Addendum to Appendix B. of Sir A. Stein's Memoir to be pasted after page 154.
These observations were overlooked until January 1924. after the bulk of the heights of the expedition had been reduced. Further, aneroid No. 5579 had not been compared with any standard barometer. Accordingly the first step in reducing the observations made with it was to determine its zero error so far as this could be done by comparison with results obtained by other instruments at identical stations.
There are seven stations at which aneroid No. 5579 was used whose height has otherwise been determined : and the comparative results lead to a correction, —0.23 inch, being adopted (see first table). The Director General of Observatories kindly supplied the following data.*
1. Pressure and temperature at 8 A.M. and maximum and minimum temperatures, observed at Kashgar daily from 15th February to 15th May 1915.
2. The average diurnal variation in pressure at Yarkand
for months November-February,
for months March-May.
3. The average diurnal variation in pressure estimated for the Tarim basin as the mean of the corresponding quantities at Lahore and Irkutsk.
The remaining data were Sir Aurel Stein's aneroid pressures, with temperature of air and hours and dates of observations. Two processes of reduction became available.
To reduce the Kashgar observations to the moment of each individual observation of Sir Aurel Stein, applying the Yarkand diurnal variation. In this case the simultaneous temperature at Kashgar is not known, but that at Sir A. Stein's station is known.
To reduce Sir A. Stein's observations to 8 A.M., applying the mean (Lahore+Irkutsk; diurnal variation. In this case the simultaneous temperature at Sir A. Stein's station is not known but that at Kashgar is known.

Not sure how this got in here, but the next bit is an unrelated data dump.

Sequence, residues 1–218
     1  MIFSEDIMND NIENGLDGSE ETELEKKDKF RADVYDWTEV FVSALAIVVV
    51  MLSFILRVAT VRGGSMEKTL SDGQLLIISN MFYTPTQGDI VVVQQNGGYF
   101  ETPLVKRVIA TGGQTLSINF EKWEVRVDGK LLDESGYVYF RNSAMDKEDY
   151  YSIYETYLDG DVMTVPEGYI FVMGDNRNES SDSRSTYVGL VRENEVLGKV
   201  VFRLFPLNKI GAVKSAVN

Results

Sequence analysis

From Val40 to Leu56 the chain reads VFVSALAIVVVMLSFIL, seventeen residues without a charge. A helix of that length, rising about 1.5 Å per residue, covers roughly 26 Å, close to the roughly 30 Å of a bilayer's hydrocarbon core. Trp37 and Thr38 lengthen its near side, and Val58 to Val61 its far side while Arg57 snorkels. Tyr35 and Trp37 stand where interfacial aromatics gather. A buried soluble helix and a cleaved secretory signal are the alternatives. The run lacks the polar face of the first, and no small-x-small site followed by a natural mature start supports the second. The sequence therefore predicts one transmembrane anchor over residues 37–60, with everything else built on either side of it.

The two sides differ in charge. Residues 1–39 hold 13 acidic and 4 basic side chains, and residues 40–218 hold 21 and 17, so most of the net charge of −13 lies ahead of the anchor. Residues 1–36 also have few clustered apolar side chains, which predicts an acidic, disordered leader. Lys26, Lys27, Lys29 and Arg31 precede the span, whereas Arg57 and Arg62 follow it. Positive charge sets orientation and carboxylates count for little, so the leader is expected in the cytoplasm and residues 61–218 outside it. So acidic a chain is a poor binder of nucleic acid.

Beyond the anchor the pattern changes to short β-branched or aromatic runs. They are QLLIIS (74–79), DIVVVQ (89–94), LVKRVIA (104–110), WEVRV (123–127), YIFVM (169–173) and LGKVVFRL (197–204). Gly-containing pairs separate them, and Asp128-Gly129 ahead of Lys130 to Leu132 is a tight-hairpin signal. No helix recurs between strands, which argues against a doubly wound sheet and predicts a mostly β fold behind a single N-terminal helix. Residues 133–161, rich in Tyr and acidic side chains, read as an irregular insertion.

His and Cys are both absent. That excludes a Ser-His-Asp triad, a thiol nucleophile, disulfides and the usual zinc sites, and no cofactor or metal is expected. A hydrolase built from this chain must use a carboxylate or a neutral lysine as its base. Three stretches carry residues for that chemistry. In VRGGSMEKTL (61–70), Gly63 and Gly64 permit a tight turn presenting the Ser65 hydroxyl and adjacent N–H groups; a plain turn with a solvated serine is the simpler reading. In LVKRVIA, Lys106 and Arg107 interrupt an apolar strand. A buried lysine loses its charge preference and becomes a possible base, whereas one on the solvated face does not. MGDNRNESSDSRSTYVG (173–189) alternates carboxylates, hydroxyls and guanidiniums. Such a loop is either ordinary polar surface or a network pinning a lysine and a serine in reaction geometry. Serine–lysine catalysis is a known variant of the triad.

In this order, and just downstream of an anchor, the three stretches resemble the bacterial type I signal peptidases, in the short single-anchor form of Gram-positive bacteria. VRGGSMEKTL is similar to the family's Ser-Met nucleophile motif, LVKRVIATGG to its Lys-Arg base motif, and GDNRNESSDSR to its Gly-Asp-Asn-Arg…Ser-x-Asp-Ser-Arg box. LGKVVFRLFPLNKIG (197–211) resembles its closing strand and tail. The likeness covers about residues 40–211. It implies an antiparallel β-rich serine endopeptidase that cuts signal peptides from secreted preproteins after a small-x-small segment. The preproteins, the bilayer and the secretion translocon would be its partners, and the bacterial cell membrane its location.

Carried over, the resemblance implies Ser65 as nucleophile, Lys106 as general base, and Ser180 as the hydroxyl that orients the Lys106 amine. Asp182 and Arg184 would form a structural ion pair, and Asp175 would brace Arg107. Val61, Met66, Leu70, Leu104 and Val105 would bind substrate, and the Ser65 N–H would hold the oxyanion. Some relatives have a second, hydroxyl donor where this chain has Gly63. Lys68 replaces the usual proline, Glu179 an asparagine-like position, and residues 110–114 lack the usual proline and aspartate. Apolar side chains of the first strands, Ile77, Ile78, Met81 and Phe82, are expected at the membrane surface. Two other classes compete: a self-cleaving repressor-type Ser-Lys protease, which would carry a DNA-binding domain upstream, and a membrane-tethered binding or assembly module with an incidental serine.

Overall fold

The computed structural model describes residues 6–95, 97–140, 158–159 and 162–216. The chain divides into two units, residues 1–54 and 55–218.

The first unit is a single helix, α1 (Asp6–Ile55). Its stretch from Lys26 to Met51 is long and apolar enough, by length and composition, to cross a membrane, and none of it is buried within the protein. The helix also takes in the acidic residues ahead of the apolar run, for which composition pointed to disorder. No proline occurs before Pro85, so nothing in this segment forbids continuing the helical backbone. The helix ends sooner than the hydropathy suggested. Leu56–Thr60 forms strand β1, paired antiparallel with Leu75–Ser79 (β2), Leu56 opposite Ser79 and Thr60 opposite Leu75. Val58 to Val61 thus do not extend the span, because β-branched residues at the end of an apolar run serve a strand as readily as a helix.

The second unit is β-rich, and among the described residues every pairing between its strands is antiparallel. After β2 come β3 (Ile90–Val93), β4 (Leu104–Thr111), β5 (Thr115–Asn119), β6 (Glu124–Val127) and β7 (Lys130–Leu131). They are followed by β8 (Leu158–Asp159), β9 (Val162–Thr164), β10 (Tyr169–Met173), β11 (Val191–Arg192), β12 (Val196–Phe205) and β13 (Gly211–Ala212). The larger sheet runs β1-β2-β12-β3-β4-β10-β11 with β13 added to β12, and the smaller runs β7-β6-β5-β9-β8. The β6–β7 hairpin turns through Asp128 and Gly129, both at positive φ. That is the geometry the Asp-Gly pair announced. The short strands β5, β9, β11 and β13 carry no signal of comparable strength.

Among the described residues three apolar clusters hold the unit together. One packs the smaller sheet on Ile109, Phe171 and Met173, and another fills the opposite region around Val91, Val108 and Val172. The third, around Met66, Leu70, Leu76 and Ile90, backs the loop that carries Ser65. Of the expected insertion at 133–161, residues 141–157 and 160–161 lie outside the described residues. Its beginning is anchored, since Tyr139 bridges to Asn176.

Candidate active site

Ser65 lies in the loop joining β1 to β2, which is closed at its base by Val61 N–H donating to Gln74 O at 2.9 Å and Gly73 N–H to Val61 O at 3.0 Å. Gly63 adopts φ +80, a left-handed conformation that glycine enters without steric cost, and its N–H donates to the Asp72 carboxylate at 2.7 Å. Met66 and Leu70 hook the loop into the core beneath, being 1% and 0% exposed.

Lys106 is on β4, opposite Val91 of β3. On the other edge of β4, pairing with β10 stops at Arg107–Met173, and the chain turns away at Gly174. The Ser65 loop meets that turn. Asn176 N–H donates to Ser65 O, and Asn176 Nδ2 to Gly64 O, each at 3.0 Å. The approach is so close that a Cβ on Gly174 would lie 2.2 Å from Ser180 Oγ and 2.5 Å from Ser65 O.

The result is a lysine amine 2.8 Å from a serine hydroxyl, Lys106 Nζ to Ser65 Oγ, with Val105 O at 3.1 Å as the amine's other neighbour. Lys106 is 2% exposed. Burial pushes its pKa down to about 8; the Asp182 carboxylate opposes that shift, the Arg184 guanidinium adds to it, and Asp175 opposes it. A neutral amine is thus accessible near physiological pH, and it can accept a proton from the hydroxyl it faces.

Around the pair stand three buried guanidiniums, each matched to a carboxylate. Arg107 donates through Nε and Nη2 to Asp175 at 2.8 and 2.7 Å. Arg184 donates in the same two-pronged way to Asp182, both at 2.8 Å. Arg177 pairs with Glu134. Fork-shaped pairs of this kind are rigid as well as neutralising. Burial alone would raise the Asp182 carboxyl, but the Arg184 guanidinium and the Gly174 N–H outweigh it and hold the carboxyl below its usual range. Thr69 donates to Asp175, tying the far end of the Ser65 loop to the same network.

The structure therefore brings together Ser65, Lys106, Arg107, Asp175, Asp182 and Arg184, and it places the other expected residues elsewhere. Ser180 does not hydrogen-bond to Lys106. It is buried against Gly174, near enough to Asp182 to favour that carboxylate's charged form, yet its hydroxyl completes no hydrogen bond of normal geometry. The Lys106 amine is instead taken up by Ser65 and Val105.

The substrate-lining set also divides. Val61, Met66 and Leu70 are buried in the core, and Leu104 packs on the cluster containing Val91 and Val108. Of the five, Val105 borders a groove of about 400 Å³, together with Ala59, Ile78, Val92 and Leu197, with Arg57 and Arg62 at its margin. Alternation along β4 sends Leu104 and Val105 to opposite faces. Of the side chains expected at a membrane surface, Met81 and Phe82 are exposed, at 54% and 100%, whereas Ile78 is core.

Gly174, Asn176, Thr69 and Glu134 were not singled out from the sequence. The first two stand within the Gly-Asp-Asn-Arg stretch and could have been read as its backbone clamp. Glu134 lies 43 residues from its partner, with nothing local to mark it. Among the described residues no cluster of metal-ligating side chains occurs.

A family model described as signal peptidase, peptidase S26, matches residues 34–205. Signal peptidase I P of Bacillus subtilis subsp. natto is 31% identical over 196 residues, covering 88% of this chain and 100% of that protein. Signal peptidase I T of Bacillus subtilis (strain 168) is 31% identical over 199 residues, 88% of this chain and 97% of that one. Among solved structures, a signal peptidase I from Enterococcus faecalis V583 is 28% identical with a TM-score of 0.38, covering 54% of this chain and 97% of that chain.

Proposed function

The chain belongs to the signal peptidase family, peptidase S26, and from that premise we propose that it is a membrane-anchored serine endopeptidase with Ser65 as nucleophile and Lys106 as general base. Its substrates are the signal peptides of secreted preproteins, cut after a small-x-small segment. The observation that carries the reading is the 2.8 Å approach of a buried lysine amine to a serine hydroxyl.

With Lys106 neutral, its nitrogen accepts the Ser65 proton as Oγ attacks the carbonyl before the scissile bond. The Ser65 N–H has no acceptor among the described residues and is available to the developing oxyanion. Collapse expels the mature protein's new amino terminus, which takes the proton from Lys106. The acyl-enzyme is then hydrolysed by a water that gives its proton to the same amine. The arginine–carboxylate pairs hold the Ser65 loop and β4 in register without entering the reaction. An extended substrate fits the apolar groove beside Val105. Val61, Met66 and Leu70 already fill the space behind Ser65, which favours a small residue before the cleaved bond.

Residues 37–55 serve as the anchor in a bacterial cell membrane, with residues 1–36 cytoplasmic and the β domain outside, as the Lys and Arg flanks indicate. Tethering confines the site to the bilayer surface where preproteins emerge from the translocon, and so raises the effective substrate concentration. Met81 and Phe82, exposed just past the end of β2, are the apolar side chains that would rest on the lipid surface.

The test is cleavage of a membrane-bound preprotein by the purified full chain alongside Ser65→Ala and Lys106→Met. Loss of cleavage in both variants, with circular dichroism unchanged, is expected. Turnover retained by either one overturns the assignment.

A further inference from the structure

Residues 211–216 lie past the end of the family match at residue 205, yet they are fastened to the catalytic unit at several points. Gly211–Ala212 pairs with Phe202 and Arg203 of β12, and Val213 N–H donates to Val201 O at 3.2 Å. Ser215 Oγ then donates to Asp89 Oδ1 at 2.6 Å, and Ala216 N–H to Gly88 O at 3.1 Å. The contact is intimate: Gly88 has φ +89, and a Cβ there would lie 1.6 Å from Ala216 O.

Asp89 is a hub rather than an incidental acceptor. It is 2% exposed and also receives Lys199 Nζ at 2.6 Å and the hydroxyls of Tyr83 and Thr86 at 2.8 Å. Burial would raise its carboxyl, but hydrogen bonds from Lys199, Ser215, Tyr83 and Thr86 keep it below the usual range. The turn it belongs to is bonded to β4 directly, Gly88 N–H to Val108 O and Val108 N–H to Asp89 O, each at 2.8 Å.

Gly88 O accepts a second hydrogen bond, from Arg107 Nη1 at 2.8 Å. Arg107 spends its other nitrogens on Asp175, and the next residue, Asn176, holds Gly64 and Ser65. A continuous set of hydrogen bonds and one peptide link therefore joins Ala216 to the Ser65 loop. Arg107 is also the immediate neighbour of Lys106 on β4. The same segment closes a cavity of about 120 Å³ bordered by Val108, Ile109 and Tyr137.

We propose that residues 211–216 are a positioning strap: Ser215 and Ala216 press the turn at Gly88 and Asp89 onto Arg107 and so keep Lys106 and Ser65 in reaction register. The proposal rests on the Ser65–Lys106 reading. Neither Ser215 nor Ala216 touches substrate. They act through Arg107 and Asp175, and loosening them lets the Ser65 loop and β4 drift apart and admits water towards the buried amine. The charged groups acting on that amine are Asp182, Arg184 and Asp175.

Both methods have been employed.
As only one station temperature is known in either case it is necessary to utilise an average temperature lapse which was taken to be 8° F. per 1000 feet. Each method (a) and (b) then give a difference of height from Kashgar : and the mean of these two values—which agree satisfactorily—may be considered a good representation of the aneroid observations.
Most of Sir A. Stein's observations were taken within 2 hours of 8 A.M. There are two others, taken at 9 P.M. (Yangi-hissar) and 9.30 rat. (Arpishme) and for these the mean of Kashgar 8 A.M. readings for two successive days were employed. These two results have been treated as of half the weight of any of the other observations in deducing the mean correction to be applied to the aneroid, on the ground that there is likelihood of the variation of the barometric pressure being less accurately allowed for owing to the greater time interval. Indeed the Arpishme result shows the greatest discrepancy from the mean value of the correction.
For the purpose of this comparison the height of Kashgar was taken to be 4043 feet : but as the resulting heights are all in the same terms it is clear that the only effect in changing this value for Kashgar would be to modify the aneroid correction accordingly. In other words the deduced correction —0.23 inch may be regarded as made up of the actual aneroid error combined with the result of any inaccuracy in the value of height of Kashgar